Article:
There was a recognition at COP26 that time is running out, and countries have been urged to improve on their commitments at COP27, which is scheduled for 7-18 November 2022 in Egypt, rather than wait until 2025 or 2030 to do so.  The gap between what governments have promised (even assuming they can deliver on the same) and what is needed to limit global warming to 1.5˚C above pre-industrial levels remains wide. Nevertheless, a new momentum has been set at COP26 and it is expected that this momentum will be carried through to COP 27 and beyond and will continue until the goals set have been achieved.

The reduction of GHG emissions from shipping was at the centre of discussions at IMO’s MEPC 77 last week.  The UK Club will be reporting separately on the outcome of that meeting.

The importance for all countries and for stakeholders across all sectors to come together, to collaborate, and to do what is possible and necessary towards achieving the UN targets cannot be over emphasised: earlier this year the UN’s Intergovernmental Panel on Climate Change (IPCC) issued a report, described by its authors as a “code red for humanity”, emphasising the need for urgent and drastic action, and, as others have put it, “there is no Planet B”!

Additional Comments from Patrick Ryan, UK P&I Club Sustainability Director. 

The UK Club recognises the enormous challenges being faced by its Members in relation to the decarbonisation of shipping and, as part of its efforts to support its Members in dealing with these challenges, the Club co-sponsored the ICS “Shaping The Future of Shipping” Conference that took place in Glasgow as part of the COP26 programme.

The general consensus at that conference was that shipping will need to reach net zero or zero by 2050 and that, in order to allow ship owners and operators to achieve this, governments (coordinated by the IMO) will need to create a clear framework to encourage/support the transition.  The Mærsk Mc-Kinney Møller Institute reported that, if market force alone were used, a tax of $230 per tonne of CO2 emitted would need to be introduced by 2025 to achieve net zero in the shipping sector by 2050; the figure would be lower, however, if the funds generated through the tax were directed to fund research and development and to incentivise the first movers.  There were calls from industry for emissions-related levies, including a repeated proposal to generate a fund of $5Bn through a $2 per tonne tax on marine fuels, but these were not agreed by the government negotiators in the central COP26 agreements.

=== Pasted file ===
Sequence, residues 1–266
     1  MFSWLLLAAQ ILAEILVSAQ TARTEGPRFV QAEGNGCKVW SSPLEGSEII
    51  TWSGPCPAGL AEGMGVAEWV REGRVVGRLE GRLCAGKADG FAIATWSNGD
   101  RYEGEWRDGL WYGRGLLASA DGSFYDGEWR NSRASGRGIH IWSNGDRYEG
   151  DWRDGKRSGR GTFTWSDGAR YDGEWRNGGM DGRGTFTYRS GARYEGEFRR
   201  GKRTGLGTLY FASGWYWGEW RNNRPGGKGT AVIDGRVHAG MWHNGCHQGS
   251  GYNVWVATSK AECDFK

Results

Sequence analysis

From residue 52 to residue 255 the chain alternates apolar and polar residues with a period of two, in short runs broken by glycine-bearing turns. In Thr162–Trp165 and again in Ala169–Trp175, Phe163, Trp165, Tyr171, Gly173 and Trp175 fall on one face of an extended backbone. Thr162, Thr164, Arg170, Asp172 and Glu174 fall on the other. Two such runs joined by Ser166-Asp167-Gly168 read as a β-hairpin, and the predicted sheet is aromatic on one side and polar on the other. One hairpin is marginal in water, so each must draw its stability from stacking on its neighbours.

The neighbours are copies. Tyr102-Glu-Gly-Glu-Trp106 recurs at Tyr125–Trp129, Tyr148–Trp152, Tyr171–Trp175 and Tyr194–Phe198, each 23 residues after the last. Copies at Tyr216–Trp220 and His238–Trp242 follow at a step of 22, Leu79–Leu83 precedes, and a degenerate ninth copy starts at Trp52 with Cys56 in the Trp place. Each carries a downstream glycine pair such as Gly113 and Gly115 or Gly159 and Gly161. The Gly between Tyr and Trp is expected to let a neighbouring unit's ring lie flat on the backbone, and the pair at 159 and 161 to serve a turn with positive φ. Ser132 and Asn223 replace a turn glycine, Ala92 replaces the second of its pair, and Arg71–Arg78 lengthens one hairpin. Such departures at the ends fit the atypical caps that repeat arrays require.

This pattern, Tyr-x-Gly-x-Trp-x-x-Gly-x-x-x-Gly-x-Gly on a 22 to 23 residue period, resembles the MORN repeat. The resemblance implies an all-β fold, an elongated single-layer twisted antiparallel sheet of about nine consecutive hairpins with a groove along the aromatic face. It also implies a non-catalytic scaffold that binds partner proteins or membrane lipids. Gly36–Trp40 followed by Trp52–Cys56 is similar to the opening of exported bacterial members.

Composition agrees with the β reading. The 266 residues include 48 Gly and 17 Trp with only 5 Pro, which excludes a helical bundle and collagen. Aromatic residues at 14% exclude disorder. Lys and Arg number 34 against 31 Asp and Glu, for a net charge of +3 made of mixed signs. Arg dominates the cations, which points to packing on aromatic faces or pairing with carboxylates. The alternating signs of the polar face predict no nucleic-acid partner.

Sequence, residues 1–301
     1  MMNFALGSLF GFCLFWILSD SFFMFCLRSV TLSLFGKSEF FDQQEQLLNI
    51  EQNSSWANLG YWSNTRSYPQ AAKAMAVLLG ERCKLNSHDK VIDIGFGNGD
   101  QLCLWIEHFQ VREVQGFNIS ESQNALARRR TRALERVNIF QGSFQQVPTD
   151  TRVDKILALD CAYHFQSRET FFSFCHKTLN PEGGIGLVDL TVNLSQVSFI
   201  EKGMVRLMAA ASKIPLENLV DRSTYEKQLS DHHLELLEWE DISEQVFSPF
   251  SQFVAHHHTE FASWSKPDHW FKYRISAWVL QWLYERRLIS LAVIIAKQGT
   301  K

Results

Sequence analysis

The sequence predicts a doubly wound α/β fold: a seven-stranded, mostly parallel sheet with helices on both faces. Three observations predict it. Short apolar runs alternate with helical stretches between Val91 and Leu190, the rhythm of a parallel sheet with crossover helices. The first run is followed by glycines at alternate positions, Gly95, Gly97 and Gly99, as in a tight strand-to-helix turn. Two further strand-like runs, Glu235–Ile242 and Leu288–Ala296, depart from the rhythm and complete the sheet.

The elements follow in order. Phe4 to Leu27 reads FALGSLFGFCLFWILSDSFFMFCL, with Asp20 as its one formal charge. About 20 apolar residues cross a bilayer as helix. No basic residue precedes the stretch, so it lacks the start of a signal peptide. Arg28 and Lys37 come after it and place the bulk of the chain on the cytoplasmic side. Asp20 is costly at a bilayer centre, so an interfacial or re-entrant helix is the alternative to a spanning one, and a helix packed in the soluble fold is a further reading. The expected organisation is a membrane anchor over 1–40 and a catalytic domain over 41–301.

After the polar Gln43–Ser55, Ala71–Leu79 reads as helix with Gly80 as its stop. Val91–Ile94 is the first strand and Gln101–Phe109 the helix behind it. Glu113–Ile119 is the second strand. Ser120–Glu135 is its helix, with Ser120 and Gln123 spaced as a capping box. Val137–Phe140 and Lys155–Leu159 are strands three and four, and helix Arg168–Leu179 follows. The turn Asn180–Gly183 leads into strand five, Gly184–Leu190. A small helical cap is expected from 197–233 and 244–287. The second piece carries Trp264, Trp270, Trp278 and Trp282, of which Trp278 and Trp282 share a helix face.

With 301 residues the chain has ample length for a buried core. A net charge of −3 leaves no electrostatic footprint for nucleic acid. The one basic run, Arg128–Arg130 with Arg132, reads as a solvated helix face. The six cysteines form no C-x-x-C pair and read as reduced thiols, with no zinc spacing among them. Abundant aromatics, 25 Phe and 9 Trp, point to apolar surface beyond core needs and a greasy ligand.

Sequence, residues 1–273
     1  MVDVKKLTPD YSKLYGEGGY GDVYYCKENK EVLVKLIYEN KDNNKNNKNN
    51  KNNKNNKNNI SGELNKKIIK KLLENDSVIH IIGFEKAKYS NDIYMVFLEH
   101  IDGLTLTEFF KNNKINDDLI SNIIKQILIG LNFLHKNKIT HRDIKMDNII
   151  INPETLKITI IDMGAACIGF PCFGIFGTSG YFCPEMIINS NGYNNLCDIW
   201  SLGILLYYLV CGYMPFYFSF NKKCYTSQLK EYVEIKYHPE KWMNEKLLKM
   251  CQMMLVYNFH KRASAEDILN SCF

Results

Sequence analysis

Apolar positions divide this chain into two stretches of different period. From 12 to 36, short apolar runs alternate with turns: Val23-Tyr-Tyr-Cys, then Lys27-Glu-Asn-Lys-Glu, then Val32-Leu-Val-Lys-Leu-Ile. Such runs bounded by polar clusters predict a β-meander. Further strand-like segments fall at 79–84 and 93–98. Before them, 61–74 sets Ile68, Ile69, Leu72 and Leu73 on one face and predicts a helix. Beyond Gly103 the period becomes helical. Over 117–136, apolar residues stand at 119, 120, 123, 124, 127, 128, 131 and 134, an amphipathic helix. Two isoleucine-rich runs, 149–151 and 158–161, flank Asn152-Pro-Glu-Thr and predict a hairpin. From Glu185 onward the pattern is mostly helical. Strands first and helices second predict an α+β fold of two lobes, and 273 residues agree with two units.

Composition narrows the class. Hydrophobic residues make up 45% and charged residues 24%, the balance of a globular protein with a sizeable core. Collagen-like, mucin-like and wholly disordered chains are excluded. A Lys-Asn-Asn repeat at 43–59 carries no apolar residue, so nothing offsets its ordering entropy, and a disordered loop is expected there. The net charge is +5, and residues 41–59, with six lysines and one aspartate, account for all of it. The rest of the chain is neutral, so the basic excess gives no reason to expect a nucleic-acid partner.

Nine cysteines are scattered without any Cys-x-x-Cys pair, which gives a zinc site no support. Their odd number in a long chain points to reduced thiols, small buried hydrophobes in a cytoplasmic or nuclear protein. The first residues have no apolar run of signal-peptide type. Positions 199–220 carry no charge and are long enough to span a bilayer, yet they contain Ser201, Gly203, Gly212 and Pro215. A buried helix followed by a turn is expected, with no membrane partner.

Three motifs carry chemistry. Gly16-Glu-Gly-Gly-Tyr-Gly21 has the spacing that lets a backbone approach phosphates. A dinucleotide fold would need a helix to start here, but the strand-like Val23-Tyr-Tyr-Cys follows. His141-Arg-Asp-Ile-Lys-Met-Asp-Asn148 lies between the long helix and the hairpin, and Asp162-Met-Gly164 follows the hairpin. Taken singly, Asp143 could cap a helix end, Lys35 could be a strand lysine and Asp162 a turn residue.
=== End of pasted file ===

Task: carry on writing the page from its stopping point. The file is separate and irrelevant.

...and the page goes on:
There were also extensive discussions regarding the possible transition fuels options, the need for them to be available at commercially viable prices, the infrastructure needed to support them, and the particular problems of procuring ships now that would still be operating at times when net emissions would need to be at or near to zero.  Views varied and, whilst some felt that LNG represents the best option available now and/or that other less emitting hydrocarbons such as methanol might be viable future fuels, others felt that the focus should be on developing viable options involving fuels that do not contain any carbon atom, such as hydrogen or ammonia, as that would be the only way to bring emissions to net zero or zero.  Some felt that the amount of hydrogen needed to power ships was so great as to make that fuel impracticable and there were concerns regarding some of the hazards associated with ammonia; others felt that all of these difficulties meant that molten salt nuclear reactors may be a viable option.

Whichever of these paths are chosen, it seems inevitable that change across the shipping industry will happen at great scale and at great pace and, with so many technical, financial, and operational challenges to address, it will be as important as ever that ship owners and operators maintain a strong relationship with their insurers so that they can proceed with confidence down whichever path they choose to follow.


1Source: Berkeley Earth

2Coal use without technologies such as carbon capture utilisation and storage to reduce CO2 emissions.

3The final draft had included "phase out" as the official language, but this was changed to “phase down” after objections from India and China

4Double counting allowed countries participating in carbon trading to determine whether that offset was going to count there or in the place that buys it.

Jacqueline Tan